Similarly, a strong company culture can be built on the self-actualization of each individual employee. In this case, self-actualization is reached once employees feel job security, a sense of belonging at their company, recognize their importance at the company, and finally, confidence in their ability to help those around them succeed. When employees are motivated to help one another succeed, businesses inch closer to achieving their ultimate goal. Allowing employees to work from home, using company wide meetings to recognize employees, open communication about company growth, or pairing a new employee with a veteran who they can reach out to for advice are all practices that help achieve self-actualization.
Charisse finds great value in the communication piece:
“For businesses looking to fast track the company culture process, I recommend starting with the value of respectful communication. If a company chooses to respectfully communicate with all of its employees, they will achieve their goals.”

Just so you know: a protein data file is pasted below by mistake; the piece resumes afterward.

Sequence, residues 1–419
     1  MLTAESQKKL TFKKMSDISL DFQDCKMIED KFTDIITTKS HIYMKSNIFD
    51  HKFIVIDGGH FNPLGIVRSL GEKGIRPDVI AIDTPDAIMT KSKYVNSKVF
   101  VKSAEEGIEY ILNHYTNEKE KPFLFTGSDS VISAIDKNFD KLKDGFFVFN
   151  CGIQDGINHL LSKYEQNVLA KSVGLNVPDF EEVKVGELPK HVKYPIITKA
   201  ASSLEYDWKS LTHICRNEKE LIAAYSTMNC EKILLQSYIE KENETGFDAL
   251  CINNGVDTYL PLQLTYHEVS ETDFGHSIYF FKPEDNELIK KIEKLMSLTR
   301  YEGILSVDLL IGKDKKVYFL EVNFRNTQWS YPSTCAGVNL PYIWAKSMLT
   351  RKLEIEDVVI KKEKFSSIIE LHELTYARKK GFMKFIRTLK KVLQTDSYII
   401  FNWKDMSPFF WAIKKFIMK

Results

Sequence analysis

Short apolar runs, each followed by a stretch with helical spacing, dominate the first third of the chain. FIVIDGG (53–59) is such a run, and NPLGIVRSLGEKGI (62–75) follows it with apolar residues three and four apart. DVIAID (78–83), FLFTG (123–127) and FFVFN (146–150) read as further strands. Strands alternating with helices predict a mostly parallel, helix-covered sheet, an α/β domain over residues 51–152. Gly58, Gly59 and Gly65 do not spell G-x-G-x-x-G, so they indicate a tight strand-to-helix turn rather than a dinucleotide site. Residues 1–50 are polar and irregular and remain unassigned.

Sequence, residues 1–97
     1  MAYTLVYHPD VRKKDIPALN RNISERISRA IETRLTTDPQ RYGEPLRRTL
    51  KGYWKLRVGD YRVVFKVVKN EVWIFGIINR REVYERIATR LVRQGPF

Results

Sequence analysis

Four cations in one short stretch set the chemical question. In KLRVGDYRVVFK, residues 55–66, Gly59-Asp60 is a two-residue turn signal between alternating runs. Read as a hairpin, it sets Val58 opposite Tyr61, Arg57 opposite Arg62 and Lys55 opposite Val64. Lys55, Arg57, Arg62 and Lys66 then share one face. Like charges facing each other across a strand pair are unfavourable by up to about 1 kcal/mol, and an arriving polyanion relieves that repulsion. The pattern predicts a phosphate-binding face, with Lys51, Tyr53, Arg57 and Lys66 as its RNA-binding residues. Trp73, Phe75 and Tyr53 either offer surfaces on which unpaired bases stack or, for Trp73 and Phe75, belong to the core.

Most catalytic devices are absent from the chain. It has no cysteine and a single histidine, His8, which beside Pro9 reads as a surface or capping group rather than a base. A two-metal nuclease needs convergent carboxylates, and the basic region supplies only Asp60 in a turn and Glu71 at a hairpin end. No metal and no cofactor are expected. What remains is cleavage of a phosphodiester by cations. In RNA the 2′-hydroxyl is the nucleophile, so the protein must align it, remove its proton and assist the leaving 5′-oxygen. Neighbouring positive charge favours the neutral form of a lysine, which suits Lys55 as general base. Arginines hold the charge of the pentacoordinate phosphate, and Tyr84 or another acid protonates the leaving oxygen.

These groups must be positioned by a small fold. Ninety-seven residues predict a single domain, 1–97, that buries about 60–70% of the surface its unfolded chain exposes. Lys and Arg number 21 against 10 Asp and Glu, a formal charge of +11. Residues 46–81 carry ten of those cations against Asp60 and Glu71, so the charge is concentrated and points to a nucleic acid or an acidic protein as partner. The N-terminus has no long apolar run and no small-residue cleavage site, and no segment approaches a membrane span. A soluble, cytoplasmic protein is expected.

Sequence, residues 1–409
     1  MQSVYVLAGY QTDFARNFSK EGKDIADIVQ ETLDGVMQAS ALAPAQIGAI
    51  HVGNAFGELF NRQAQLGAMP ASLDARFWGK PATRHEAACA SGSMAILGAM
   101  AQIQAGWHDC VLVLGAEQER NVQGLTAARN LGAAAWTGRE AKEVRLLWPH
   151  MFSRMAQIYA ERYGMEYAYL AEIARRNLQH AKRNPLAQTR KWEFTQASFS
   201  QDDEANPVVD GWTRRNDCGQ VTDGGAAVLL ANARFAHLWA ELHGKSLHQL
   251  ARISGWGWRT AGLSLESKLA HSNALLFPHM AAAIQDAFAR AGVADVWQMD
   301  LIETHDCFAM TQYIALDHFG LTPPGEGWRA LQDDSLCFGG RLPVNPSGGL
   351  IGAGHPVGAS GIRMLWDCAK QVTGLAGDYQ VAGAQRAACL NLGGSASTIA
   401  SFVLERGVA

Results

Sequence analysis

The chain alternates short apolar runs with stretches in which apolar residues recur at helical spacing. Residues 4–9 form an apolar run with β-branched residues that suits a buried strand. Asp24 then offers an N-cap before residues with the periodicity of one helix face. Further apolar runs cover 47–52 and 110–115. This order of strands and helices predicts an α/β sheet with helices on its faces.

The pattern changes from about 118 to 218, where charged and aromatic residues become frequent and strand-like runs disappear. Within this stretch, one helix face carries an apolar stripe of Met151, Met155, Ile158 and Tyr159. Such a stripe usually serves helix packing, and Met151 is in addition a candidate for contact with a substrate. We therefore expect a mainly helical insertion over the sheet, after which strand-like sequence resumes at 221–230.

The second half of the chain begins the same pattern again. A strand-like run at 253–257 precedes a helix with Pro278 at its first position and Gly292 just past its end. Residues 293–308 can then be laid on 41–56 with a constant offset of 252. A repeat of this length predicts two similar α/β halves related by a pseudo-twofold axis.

Incorporating your company’s core values and current behaviors are essential when building a company culture. You can start by reviewing common practices. Next, reinforce the ones you idolize and eliminate ones that are not productive. For example, if your senior leadership cares about work-life balance, you could alter your PTO policies or encourage employees to take a personal day each quarter.
With half of their waking hours spent at work, it’s important to show your employees that you’re invested in their success and development.[note]http://www.gettysburg.edu/news_events/press_release_detail.dot?id=79db7b34-630c-4f49-ad32-4ab9ea48e72b[/note] This could mean open conversations about promotions and compensation, weekly meetings with the opportunity to ask leadership questions, and formal recognition programs.